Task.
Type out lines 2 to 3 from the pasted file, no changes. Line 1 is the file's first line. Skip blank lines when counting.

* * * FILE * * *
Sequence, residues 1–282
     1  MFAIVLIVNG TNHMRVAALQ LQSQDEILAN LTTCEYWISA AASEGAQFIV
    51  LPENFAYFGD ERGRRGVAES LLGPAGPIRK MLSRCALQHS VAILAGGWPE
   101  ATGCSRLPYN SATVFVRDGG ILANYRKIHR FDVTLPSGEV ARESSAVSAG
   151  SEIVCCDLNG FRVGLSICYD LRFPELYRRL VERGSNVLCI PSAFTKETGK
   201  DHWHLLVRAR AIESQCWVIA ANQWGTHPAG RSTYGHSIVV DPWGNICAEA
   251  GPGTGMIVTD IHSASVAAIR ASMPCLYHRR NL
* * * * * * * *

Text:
     1  MFAIVLIVNG TNHMRVAALQ LQSQDEILAN LTTCEYWISA AASEGAQFIV
    51  LPENFAYFGD ERGRRGVAES LLGPAGPIRK MLSRCALQHS VAILAGGWPE